In a decision which has been welcomed by many practitioners, the Swiss Federal Supreme Court has allowed a plea by the respondent to an ICC arbitration for the joinder of three additional parties, non-signatory to the relevant arbitration clause. In so doing, it annulled an interlocutory award of the tribunal and a decision of the ICC Court denying that plea.

Although no reference was made to it, this decision would appear to be consistent with a decision by the same Court in 2008 in which it determined that an arbitration clause will not be extended to a non-signatory absent explicit expression (within the relevant contract or by other communication or conduct) that the party intended to be bound to arbitrate.

In this instance, two contracts were concluded on the same day containing identical arbitration clauses: the first, to which there were five parties, was for the sale of a company; while the second, to which there were only two parties, was an employment contract employing the purchaser in the first contract as managing director of the company there purchased.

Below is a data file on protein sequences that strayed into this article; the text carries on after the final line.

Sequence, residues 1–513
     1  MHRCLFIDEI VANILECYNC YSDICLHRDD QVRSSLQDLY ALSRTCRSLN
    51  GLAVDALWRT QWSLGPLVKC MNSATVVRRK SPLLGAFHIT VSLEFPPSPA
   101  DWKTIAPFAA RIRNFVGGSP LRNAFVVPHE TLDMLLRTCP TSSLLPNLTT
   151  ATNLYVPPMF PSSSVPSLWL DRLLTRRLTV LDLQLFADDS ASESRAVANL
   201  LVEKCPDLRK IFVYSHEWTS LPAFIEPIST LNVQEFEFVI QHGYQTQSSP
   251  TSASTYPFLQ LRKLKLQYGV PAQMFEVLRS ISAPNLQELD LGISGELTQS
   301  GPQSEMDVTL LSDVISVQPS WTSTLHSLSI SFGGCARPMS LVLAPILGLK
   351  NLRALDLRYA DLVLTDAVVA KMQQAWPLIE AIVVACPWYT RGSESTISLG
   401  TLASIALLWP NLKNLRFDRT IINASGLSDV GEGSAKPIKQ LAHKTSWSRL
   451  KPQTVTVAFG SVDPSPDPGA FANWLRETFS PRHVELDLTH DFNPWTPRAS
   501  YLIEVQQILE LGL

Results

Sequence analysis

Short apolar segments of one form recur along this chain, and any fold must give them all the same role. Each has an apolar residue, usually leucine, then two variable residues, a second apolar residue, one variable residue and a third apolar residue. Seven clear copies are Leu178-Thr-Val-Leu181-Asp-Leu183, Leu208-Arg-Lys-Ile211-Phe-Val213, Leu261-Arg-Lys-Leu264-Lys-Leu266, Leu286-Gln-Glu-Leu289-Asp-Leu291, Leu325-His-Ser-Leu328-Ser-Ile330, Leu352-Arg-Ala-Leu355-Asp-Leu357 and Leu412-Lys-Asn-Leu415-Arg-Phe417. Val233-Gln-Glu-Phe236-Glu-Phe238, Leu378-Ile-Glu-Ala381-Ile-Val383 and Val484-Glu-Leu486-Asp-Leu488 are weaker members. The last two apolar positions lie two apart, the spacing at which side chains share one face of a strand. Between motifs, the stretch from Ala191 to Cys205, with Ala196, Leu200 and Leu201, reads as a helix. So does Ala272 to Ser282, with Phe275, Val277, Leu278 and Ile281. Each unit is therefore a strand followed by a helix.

One year later, the company commenced ICC proceedings against the managing director for breach of the employment contract, a claim to which the managing director argued that all parties to the sales contract should be joined on the basis that the two contracts were indissolubly linked, and that one could not be interpreted in the absence of the other. Despite the rejection by the ICC Court and the tribunal of this argument, the Swiss Supreme Court agreed with it, finding that the three non-signatory parties had had an "intense involvement" in the conclusion of the employment contract, in which they had in addition expressly reserved certain rights, and had therefore intended to be bound by the arbitration agreement contained in it.

Although this decision may arguably have an impact on what has been criticised by some as the overly-cautious approach of the ICC Court in relation to the question of joinder, it does not appear to represent an extension of the circumstances in which the Swiss Courts will extend an arbitration agreement to non-signatories. Those circumstances remain limited, and parties drafting arbitration clauses in multi-contract/multi-party scenarios should remain conscious of the need for careful drafting to reflect the likely problems which may arise once a dispute occurs.

(Swiss Federal Supreme Court, 4A_376/2008)